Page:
How to Talk to Children Who Are Learning to Talk

By Lauren Lowry
Hanen SLP and Clinical Staff Writer


When we speak to children who are learning to talk, and especially children with delayed language development, it’s natural to simplify things by using simple, short sentences. For example, instead of saying, “Do you want one of these cookies I bought at the grocery store today?”, a parent may say, “Do you want a cookie?” This is helpful and makes language easier for children to understand and process.

But there is some debate about whether to use proper grammar in these shorter sentences. The question is whether to use speech that is telegraphic or that is grammatical with children with delayed language development:

  • Telegraphic speech includes the important words in a sentence that carry most of the meaning but removes the grammatical words and endings (such as adding -ing to the end of verbs, or smaller words like the, is or a). Examples of telegraphic speech include: Mommy go out; blocks down; open door; in box.
  • Grammatical speech includes all of the small grammatical words and endings. Examples include: Mommy’s going out; the blocks fell down; open the door; on the table. Being grammatical doesn’t mean you need to use a complete sentence -- you can use a portion of a sentence as long as it has proper grammar (e.g., in the box).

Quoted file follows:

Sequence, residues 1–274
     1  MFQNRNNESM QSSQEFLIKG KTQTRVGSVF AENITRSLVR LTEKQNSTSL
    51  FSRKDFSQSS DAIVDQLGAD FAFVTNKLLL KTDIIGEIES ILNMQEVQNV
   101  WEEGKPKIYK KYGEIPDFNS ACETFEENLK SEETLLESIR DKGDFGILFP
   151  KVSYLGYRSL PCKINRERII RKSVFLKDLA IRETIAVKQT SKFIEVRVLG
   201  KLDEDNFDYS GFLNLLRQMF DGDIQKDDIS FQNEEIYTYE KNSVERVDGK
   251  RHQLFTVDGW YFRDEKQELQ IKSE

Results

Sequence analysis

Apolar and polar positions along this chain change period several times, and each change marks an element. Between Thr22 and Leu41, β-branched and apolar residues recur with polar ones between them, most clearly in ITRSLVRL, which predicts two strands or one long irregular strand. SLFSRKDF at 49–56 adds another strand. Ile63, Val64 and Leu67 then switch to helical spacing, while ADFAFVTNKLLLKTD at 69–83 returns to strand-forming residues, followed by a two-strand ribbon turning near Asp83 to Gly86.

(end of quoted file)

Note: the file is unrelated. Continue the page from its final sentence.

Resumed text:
Some intervention programs have encouraged the use of telegraphic speech, arguing that it’s easier for children to imitate and learn language when they just hear the “key” words.

However, recent research is telling a different story; researchers studying children with delayed language have discovered that:

Children benefit from hearing proper grammar because it gives them clues about what words mean and how they are used.
  • short, grammatical sentences are not more difficult for children to understand than telegraphic speech [2]. In fact, many experts feel that children benefit from hearing proper grammar as it gives them clues about what words mean and how they are used in sentences. For example, words such as “a”, “the”, “this” and “my” tend to come before nouns, but other grammatical words and endings (such as the -ing and -ed endings) give clues about verbs.
  • children imitate short grammatical sentences as easily as they imitate telegraphic speech [3]
  • telegraphic speech may hinder language learning for children with autism spectrum disorder [4] – one study found that parents who used more telegraphic speech when their children were 3 ½ years old had children who used fewer different words one year later [4].

These results suggest that, for children with delayed language, short, grammatical sentences are not more difficult to understand than telegraphic speech and they likely offer an advantage for language learning.  

How to simplify what you say

Using short grammatical sentences or portions of sentences that are grammatical is the ideal way to speak to a child who is learning to talk. A good rule of thumb when trying to figure out if something you are saying is grammatical is to think about
 Think about whether it’s something you would say to an adult.

whether it’s something you would say to an adult.